bought a new SSD HD for my Macbook Pro--where do I even begin???

proverbs

macrumors 6502
Original poster
Mar 15, 2005
287
0
hello everyone.

i just bought a new Crucial M4 256gb SSD HD. i have an old 2.33 C2D 3gb ram (maxed) MBP from 2006.

the laptop still runs great; however, it could definitely be more snappier. i heard that a SSD would be the best solution for this. the other big reason i bought it was because i occasionally need Windows for some software that i have that is not compatible with Mac.

well, now that i have the HD, i realized i have no idea where to start. i have close to 7 years of data on this thing. i've never had to do a format or anything like that. i have an external HD, and i back my files up ever 3 months or so.

i'm trying to decide whether to do a clean install or move everything over to my new HD. actually, i don't even know if the latter is possible. what would you guys suggest?

any help on getting started will be greatly appreciated.

TIA!!
 
Nov 28, 2010
22,670
28
located

kiopoptr877

macrumors newbie
Jun 22, 2007
10
0
Don't Clone Your Old HDD to Your New SSD

I actually have a late 2006 Macbook Pro 15" that I fitted with a Corsair Force 3 120. Most of the forums I read suggested to NOT clone over an old HDD to the new SSD. This is because it can cause alignment problems with the SSD. It seems that most places suggest a clean, new install. I did a clean install and just migrated some of the data over from my old HDD.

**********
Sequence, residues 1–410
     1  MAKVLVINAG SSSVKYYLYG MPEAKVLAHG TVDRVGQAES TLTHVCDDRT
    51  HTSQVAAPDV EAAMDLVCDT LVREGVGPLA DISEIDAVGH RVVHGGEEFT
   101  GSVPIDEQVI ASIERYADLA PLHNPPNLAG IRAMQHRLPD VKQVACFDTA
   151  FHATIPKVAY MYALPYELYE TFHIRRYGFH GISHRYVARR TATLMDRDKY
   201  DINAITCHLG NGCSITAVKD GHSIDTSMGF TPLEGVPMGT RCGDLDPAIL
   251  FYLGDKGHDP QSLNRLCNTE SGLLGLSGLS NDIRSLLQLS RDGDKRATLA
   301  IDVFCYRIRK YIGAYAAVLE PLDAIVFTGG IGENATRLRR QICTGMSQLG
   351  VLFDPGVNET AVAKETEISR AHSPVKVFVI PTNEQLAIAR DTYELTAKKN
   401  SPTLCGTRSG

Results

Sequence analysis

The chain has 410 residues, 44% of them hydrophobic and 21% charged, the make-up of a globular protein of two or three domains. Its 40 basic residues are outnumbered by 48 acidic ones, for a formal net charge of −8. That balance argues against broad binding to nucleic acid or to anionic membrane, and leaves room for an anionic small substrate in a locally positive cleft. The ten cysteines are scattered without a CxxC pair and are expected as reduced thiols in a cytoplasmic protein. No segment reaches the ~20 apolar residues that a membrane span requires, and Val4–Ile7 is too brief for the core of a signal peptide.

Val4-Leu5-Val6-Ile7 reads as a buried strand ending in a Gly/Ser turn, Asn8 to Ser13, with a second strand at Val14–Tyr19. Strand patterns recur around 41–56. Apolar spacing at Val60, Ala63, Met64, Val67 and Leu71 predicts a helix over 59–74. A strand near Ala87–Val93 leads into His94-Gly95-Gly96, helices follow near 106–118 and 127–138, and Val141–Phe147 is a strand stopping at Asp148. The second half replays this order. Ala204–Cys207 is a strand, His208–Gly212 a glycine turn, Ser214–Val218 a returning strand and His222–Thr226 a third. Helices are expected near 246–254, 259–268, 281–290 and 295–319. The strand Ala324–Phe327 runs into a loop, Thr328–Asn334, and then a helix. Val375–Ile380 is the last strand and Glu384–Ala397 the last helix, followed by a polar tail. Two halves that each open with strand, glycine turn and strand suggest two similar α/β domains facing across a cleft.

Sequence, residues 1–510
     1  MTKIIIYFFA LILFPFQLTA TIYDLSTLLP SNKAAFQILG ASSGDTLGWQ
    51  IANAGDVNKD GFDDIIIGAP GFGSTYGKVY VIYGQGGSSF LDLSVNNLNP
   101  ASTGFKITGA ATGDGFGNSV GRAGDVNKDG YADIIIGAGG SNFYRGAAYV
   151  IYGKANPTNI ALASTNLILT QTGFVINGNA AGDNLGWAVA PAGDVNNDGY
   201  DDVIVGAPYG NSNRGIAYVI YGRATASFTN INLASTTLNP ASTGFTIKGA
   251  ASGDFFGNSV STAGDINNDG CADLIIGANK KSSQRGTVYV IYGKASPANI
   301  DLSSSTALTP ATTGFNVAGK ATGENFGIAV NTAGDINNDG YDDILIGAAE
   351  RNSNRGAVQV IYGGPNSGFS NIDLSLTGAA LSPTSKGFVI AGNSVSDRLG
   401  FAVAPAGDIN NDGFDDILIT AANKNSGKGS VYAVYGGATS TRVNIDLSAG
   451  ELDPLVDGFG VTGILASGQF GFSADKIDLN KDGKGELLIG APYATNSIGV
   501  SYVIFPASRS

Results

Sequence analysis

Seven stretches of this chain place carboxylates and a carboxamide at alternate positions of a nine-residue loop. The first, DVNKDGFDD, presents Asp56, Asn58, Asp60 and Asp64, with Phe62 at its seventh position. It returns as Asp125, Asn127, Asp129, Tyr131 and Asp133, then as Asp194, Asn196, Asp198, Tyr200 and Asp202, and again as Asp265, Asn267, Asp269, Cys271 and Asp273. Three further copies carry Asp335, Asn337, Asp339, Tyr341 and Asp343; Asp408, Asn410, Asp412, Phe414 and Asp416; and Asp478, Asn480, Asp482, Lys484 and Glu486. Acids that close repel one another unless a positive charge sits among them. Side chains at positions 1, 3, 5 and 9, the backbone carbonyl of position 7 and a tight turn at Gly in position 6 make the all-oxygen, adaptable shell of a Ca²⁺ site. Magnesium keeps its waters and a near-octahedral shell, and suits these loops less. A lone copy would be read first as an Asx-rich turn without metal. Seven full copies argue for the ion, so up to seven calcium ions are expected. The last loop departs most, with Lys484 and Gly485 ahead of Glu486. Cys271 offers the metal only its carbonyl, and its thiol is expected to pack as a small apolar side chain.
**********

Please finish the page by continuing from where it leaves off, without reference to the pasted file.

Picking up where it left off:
The actual replacement process was pretty straightforward. I just followed an iFixit guide and replaced my Superdrive with a HDD housing for the optical bay.

Hope this helps! :)
 

Mal

macrumors 603
Jan 6, 2002
6,249
17
Orlando
I actually have a late 2006 Macbook Pro 15" that I fitted with a Corsair Force 3 120. Most of the forums I read suggested to NOT clone over an old HDD to the new SSD. This is because it can cause alignment problems with the SSD. It seems that most places suggest a clean, new install. I did a clean install and just migrated some of the data over from my old HDD.
Unnecessary. If you were to do a block-by-block clone, then you could perhaps have some issues, but using Carbon Copy Cloner will simply copy the files over, which cannot cause any problems. Many users here have done so without issue.

jW
 

r0k

macrumors 68040
Mar 3, 2008
3,610
73
Detroit
Unnecessary. If you were to do a block-by-block clone, then you could perhaps have some issues, but using Carbon Copy Cloner will simply copy the files over, which cannot cause any problems. Many users here have done so without issue.

jW
Agreed. CCC only uses block mode if you run it on a drive other than the one you booted from. Using file mode skips temp files and so forth and thus often results in a smaller image on the new drive.
 
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